Georgia Bulletin

The Newspaper of the Catholic Archdiocese of Atlanta

Photo By Michael Alexander
Joined by the team and his assistant coaches, Coach Brian Marks, third from right, holds the state runner-up trophy. Blessed Trinity finished the season with 26 wins and its first trip to the state finals after losing seven seniors and four starters to graduation from last year's team.


BT Basketball Team Finishes As State Runner-Up

By MICHAEL ALEXANDER, Staff Photographer | Published March 19, 2009

A two-hour bus ride to the Macon Coliseum and four eight-minute quarters of state final basketball competition separated the Titans of Blessed Trinity from their first state title. In the end, the sharp shooting Fighting Irish of Dublin High School played the spoiler as they defeated Blessed Trinity 79-64.

It’s one thing to face a good team on a mediocre shooting day, but on an exceptional shooting day it puts that much more pressure on a team’s defense. Dublin went on scoring runs of 9-0 and 9-2 in the first half. The Dublin offense was in a zone as they shot 67 percent from the 3-point line. Dublin senior shooting guards Chris Smith and Sherrard Brantley had three 3-pointers apiece in the first half. Blessed Trinity trailed 36-21 at halftime.

During the break Blessed Trinity head coach Brian Marks told his team they couldn’t close the 15-point gap all at once, but they had to chip away at it and try to get it down to single digits by the fourth quarter. Blessed Trinity went out in the second half and employed that strategy, but seemingly every time they made a run Dublin would come back down and hit a big shot. By the end of the third quarter Dublin had increased the lead to 16.

Several hundred Blessed Trinity faithful in the crowd stood with screams of support and applause as their team took to the court for the final quarter. With 6:12 left, Blessed Trinity went on a 7-2 run. With 5:05 remaining, Blessed Trinity senior guards Ryan LeGates and Eric Rouse hounded Dublin point guard Rashard Smith in the backcourt for a near steal, but instead the official called a foul on LeGates. With just under 5 minutes remaining, Blessed Trinity pulled to within 10, but that is as close as the Titans would get. The Dublin team, shooting nearly 70 percent from the field for the game, pulled away for good to win the Class AA championship by 15.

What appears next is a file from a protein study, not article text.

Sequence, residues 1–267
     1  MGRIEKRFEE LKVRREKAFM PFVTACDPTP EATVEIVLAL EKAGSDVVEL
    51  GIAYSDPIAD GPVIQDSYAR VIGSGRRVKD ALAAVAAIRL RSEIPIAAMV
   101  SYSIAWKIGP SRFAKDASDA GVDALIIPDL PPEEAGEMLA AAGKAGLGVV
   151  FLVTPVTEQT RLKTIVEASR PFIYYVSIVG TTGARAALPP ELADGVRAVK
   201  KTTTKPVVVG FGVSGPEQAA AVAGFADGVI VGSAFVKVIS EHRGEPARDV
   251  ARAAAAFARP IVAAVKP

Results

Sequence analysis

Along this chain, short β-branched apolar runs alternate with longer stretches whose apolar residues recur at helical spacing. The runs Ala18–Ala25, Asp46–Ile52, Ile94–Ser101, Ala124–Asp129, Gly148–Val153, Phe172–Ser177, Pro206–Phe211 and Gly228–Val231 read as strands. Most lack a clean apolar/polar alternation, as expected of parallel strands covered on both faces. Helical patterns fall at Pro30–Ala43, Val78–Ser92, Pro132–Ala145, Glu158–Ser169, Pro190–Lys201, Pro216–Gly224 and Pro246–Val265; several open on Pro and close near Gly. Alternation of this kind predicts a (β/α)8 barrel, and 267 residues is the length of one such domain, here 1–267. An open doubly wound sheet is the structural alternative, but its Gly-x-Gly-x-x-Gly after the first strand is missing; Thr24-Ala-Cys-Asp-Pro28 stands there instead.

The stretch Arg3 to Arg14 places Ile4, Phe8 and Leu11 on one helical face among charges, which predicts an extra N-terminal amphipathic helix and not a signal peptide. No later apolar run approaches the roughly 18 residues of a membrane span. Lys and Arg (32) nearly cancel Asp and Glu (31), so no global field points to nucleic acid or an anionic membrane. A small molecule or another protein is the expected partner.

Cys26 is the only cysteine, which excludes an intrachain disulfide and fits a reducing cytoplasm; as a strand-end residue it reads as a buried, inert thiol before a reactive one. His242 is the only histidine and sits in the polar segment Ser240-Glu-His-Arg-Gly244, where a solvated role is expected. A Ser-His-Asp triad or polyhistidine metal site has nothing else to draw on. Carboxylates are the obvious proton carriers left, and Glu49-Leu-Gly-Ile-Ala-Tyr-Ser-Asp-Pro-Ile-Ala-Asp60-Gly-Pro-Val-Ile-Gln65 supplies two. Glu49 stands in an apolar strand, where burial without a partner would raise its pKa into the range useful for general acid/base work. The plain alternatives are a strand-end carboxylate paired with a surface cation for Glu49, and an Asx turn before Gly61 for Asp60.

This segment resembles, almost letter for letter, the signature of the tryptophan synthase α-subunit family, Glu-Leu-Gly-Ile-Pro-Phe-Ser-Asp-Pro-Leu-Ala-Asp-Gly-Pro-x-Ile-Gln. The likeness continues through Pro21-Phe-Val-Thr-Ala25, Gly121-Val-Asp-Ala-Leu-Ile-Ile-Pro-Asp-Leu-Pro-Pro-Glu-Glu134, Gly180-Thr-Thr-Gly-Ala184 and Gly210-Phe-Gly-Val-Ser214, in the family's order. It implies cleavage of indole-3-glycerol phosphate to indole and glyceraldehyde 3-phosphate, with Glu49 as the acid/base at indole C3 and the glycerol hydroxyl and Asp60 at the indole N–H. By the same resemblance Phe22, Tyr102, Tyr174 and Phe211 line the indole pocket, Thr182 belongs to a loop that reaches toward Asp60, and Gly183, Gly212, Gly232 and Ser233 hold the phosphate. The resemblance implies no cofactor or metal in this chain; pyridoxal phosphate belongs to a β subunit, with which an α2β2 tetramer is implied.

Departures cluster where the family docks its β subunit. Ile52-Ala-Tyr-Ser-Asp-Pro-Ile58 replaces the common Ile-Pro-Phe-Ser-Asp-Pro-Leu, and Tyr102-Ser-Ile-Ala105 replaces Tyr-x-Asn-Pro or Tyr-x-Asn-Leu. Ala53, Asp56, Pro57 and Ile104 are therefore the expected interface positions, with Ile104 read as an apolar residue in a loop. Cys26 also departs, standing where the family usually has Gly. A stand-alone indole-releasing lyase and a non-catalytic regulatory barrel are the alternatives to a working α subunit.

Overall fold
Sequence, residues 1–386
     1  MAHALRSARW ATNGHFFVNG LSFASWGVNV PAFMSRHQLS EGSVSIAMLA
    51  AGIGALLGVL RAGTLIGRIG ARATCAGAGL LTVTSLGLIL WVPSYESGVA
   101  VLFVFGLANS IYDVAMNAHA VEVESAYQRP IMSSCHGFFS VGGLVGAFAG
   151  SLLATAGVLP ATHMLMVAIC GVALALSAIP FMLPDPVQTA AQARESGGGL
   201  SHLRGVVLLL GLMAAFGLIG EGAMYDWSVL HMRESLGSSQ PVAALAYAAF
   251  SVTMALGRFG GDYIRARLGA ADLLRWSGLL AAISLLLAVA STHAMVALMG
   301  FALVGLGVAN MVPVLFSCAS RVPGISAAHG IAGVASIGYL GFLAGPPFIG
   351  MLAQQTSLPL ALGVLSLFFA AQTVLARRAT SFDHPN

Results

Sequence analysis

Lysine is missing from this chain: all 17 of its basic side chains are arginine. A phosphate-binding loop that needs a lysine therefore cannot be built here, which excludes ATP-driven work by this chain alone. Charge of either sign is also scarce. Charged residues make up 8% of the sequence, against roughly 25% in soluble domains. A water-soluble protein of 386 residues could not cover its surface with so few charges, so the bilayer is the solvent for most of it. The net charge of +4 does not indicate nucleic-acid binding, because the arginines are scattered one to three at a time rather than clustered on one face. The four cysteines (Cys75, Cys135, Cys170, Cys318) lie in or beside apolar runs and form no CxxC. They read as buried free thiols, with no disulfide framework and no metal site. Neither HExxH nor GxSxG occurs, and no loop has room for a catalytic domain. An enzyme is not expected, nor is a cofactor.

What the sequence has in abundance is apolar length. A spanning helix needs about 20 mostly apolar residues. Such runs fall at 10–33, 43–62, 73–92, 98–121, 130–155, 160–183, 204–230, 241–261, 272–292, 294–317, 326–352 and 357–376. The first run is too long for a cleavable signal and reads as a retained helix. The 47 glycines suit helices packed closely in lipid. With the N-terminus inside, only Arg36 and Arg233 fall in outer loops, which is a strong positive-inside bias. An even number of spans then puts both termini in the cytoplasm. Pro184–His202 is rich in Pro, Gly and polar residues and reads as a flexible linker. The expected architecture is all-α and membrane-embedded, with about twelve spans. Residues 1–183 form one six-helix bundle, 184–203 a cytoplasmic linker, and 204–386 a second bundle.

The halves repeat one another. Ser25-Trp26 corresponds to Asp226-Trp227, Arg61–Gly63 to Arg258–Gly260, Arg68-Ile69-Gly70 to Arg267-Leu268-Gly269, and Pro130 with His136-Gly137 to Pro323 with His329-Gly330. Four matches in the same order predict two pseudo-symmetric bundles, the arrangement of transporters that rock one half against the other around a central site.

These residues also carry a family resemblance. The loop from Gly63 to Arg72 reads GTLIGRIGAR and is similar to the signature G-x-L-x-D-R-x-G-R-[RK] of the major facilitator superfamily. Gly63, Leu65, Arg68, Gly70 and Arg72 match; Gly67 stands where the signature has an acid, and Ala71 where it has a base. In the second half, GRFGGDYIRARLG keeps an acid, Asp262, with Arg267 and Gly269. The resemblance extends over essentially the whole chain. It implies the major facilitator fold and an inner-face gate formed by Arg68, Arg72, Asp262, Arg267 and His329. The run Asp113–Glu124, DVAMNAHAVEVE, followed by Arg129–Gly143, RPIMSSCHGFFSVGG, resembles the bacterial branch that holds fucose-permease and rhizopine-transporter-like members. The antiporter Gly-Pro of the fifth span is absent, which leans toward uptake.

With a crossover dribble, Blessed Trinity High School senior shooting guard Ryan LeGates, left, tries to shake Dublin High School guard Chris Smith during the March 14 Class AA state final game at the Macon Coliseum. LeGates finished with 23 points in the 79-64 loss to Dublin. Photo By Michael Alexander

In a somber locker room following the game, Coach Marks expressed how proud he was of the team. “We’re one of the best teams in AA. What a season and what a run! You worked so hard this season, and you’re second in the entire state. It hurts and stings now, but what you did was unbelievably special.”

on the bus ride back to Roswell, LeGates said, “It was great we got to go farther than any team in school history, and the support from the school was amazing. It’s rare to get two back-to-back seasons that good.”

Blessed Trinity advanced to the second round of the state tournament for the first time during the 2007-2008 season. After losing seven seniors and four starters to graduation, they still managed to win 26 games and reach the state finals this season.

LeGates finished with 23 points, junior guard Jake Skole scored 14 points and Brendan Corcoran and Rouse added nine each. Dublin’s Chris Smith and Brantley finished with 28 and 15 points, respectively. Center Tawaski King contributed 16 points, and Rashard Smith poured in 12.

Coach Marks added, “The postseason experience was wonderful for our boys basketball program as well as for the school. Our fan support was top notch. The amount of students, faculty and community members that followed us through the state playoffs was incredible. I believe our run to the championship brought our close-knit school community even closer, and it brightened a lot of peoples’ lives for a few small weeks in what has been a bleak economic time.”